Theatre’s performance of film lacks clarity

Theatre’s performance of film lacks clarity

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TAMUK Theature performed Stones in the Desert last week.
TAMUK Theature performed Stones in the Desert last week.

There are not enough words for what I have to say about this play. What I can say though is that I found it to be highly entertaining.

The Stones in the Desert was written and directed by Corey Ranson. There have only been a few actors in this play, but they managed to pull it off. While the scenery of the play stayed the same, it provided somewhat the focus point of the story. There have been a few drawbacks of the show, which I find disconcerting.

The plot of the film followed six immigrants named Raul, Maria, Lito, Jesus, Rita and Estella, who are trying to cross the dessert in hopes of reaching of America. Raul and Maria are a married couple that are hoping to start a life in America.

Lito is traveling with his grandson Jesus who hopes on becoming a writer. Rita and Estela are runaway slaves from the cartel. The setting of the play is depicted to be in desert borderlands of South Texas, and Ranson has the time setting of the play to be modern.

The characters Raul and Laura, portrayed by Nickolas Villarreal and Vanessa L. Valdez, are meant to be a married couple that are attempting to go to America and make a living.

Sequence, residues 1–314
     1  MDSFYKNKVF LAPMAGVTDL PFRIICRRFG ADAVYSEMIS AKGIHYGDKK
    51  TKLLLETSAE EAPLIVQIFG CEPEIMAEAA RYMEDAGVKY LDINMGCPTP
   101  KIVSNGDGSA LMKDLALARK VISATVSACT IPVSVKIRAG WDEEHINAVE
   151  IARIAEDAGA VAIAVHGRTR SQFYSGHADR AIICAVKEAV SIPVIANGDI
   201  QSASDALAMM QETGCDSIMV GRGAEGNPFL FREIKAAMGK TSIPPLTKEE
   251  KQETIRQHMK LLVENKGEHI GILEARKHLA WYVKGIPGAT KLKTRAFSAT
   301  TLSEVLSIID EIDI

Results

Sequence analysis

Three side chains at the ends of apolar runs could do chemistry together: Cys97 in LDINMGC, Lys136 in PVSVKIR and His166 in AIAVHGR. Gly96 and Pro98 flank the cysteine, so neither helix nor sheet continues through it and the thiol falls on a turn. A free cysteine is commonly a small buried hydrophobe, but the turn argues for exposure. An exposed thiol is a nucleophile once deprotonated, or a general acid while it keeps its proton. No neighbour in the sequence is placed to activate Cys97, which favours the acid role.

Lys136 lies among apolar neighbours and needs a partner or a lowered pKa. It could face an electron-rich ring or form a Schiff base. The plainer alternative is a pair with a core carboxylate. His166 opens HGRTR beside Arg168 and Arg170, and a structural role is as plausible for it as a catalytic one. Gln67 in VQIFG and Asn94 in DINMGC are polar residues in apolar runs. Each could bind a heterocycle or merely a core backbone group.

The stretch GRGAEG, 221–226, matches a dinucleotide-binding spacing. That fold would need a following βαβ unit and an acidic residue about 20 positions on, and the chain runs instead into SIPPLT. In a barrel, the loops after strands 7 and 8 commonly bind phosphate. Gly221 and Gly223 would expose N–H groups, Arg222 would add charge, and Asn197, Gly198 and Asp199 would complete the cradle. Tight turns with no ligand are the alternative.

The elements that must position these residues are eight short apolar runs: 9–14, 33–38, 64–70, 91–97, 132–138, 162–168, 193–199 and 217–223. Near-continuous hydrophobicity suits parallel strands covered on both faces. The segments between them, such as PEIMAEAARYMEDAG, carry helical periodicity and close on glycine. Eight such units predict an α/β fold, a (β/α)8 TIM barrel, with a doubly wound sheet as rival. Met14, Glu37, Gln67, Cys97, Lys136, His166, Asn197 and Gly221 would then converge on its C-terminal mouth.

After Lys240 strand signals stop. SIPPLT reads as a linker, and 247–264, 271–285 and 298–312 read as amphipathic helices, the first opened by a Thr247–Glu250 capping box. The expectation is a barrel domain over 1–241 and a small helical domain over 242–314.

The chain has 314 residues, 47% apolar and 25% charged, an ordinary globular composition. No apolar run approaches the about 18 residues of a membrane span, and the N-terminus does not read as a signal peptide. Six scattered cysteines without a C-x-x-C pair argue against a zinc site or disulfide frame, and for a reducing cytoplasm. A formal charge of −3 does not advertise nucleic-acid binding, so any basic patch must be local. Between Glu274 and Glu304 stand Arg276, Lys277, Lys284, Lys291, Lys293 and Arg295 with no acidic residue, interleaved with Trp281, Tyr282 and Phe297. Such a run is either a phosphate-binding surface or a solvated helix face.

While I do find the actors’ performances were more than adequate, I did not find their acting as husband and wife believable. In spite of that, Nickolas Villarreal’s portrayal of Raul was superb. While Vanessa Valdez did a fine job, I found her character to be somewhat lacking.

Aaron Salinas’ portrayal of Lito is one of the best performances. The character had many humorous lines that made the audience constantly laugh. Aaron did an excellent job in his role. It was impressive and amusing to see him pull off on portraying an old man.

Luis Aguilar’s character role, Jesus, was confusing. While his character’s desire to become a writer is understandable, the relationship between him and the rest of the characters seemed detached. The bond between him and Lito had multiple hysterical scenes.

I could not stop myself from laughing. However, I found it perplexing that he develops a romantic interest in Sabrina Vallejo’s role of Estela. The story of the show depicts them on being complete strangers to each other, but he fantasizes her meeting two days afterwards.

Jennifer Sanchez’s role as Rita seemed less significant compared to the others. Sanchez did a well enough job in her portrayal. The play however did not show her doing or saying enough. It would have been more beneficial if Ranson had the character do more.

The sound and the props of the play were well used. Alex Barona and Emmanuel Sanchez helped make the show more dramatic and thrilling. Cassandra Arguijo and Christina Suarez did an excellent job with the costumes. Corey Ranson’s directing was sufficient. The Stones in the Desert was well executed despite its drawbacks.